The categories of error that the researchers looked for included the claim that evolutionary psychologists think biology determines or explains all of behaviour, or that evolutionary psychologists think some phenomena are influenced by nature while others are influenced by nurture (rather than reflecting an interaction between the two). Other error categories: that evolutionary psychologists have a conservative ideological agenda; that they endorse the "naturalistic fallacy" (that the natural way of things is morally desirable); and that evolutionary psychologists think people consciously attempt to boost their "evolutionary fitness" and are aware of the "evolutionary logic" of their behaviour, an error known as the "intentionalistic fallacy".

There was an average of 5.75 errors per book and all contained at least one error. The most common type of error was miscellaneous and placed into a general "straw man" category (for example, the mistaken claim that evolutionary psychology ignores and cannot account for homosexuality). The next most common type of error related to biological determinism and nature/nurture, and after that came the Naturalistic and Intentionalistic Fallacies.

For each error, the researchers provide examples from the texts they studied, and then they provide refutational evidence, either citing from works by evolutionary psychologists, or by pointing out straight facts, such as that there are many female evolutionary psychologists (countering the claim in one textbook that the field is androcentric), and that a survey of evolutionary psychologists found their political views matched those of social scientists in general (countering the claim that the field has a conservative agenda).

Winegard and his team said their analysis has furnished "a well-defined catalog of errors in the presentation of evolutionary psychology and [demonstrated] that these errors occur frequently in undergraduate sex and gender textbooks." They added: "Evolutionary psychologists have frequently addressed these errors, but our results demonstrate that, despite these efforts, errors persist."


Winegard BM, Winegard BM, & Deaner RO (2014). Misrepresentations of evolutionary psychology in sex and gender textbooks. Evolutionary psychology : an international journal of evolutionary approaches to psychology and behavior, 12 (3), 474-508 PMID: 25299988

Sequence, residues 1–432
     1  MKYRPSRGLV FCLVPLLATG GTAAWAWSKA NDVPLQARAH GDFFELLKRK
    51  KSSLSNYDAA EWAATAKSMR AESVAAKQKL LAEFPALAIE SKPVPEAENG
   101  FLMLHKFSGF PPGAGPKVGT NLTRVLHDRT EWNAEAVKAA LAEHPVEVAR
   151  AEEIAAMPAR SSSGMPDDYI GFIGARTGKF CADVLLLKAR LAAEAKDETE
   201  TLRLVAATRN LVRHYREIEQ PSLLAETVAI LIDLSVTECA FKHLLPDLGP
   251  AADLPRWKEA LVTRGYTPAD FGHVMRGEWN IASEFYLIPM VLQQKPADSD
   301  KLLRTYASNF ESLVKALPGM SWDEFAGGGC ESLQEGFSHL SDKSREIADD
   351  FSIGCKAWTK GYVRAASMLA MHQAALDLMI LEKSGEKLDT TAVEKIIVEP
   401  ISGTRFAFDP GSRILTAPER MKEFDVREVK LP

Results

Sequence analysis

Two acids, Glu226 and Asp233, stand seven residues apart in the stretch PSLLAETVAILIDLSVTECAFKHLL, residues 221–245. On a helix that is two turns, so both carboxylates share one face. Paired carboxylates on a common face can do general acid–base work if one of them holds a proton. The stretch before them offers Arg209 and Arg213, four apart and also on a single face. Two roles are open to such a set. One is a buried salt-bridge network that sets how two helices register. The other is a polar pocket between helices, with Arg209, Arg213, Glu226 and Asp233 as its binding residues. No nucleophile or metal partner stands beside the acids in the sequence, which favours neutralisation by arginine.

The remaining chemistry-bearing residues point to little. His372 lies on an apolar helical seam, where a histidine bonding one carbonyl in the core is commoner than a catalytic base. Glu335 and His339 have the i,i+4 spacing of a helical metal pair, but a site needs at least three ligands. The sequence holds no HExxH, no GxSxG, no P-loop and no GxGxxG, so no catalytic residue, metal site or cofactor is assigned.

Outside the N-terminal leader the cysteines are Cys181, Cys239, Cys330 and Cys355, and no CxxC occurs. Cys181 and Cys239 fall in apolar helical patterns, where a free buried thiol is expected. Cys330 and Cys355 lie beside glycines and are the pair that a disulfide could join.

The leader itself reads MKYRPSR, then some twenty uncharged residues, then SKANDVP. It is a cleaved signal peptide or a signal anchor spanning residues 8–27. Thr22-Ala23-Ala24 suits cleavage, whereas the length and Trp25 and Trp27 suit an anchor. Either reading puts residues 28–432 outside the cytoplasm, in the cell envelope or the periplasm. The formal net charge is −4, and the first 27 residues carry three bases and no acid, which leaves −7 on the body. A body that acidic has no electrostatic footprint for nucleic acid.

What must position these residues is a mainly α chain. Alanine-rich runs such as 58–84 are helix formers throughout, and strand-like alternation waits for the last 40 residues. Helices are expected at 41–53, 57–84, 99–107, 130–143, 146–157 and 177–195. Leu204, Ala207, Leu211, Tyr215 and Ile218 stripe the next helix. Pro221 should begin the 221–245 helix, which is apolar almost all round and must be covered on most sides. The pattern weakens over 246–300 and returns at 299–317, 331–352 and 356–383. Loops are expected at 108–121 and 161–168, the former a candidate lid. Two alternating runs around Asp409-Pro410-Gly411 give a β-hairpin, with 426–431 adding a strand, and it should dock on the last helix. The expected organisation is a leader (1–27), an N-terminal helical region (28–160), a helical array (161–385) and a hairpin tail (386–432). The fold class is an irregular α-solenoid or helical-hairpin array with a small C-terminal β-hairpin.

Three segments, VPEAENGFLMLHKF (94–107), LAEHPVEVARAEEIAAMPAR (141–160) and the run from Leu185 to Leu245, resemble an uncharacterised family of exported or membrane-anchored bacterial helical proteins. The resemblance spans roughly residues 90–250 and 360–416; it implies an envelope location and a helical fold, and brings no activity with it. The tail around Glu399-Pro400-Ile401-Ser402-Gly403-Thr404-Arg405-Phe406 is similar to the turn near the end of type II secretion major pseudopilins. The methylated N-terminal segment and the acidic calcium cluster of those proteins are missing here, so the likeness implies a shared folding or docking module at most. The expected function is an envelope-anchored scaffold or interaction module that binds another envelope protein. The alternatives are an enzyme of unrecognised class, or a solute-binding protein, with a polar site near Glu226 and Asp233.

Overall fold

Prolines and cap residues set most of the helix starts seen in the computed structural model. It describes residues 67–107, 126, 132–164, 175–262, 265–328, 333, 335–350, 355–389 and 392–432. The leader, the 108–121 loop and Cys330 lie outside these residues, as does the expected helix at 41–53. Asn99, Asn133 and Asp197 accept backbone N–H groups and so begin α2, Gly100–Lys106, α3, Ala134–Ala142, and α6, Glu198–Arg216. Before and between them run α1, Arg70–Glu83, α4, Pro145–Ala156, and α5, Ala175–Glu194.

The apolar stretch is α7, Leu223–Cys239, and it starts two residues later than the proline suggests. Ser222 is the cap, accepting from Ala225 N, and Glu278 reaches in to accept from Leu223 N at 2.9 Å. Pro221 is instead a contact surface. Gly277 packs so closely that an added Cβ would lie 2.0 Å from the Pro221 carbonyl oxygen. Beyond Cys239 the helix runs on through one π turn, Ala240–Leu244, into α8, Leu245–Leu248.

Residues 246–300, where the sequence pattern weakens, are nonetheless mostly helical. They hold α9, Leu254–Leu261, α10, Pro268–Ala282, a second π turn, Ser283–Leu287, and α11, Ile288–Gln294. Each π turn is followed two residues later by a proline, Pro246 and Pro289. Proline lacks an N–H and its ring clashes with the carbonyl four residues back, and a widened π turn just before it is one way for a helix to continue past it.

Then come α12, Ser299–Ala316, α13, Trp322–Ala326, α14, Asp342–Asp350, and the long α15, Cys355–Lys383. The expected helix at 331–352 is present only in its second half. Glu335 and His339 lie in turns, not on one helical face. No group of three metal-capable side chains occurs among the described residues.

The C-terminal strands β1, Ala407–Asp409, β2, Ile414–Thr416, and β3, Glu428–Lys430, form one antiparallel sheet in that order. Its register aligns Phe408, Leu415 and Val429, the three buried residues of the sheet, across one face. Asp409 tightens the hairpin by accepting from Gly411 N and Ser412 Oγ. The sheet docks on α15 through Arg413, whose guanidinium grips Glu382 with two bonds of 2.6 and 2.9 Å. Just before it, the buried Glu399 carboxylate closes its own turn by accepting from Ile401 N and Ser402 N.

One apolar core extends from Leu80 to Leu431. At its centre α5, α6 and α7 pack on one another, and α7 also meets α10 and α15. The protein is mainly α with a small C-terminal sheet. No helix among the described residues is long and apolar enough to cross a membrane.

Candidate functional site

Post written by Christian Jarrett (@psych_writer) for the BPS Research Digest.

Saturday, 11 October 2014

Link feast

Our pick of the best psychology and neuroscience links from the past week or so:

Maria Konnikova profiles her former mentor Walter Mischel - the creator of the famous Marshmallow Experiments - who has published his first pop psychology book at age 84.  

A new paper claims that there's a consensus among experts that violent media cause aggression in children. At the Guardian Head Quarters blog, Pete Etchells and Chris Chambers criticise both the findings of the paper and the editorial processes that led to its publication. 

The three joint winners of this year's Nobel Prize in Physiology or Medicine appeared as guests on the Guardian Science Weekly podcast.

James Hamblin at the Atlantic looks into the latest research that suggests we're happier anticipating purchased experiences than material goods. 

By understanding the cultural background to different forms of greeting we can better anticipate when to go for the fist bump, bro hug or even a standard handshake, says the Crew Blog. 

The idea of "levelling" - adjusting reading material to suit each child's ability - has come in for criticism lately, says Annie Murphy Paul at the Atlantic, but a new online programme could provide a way to offer the benefits of levelling, while also keeping children sufficiently challenged. 

Find out what happened when sceptic Mark Tilbrook handed out fliers at a psychic event, encouraging people to think about the clues that might distinguish between someone with supernatural powers and someone who just appears to have them.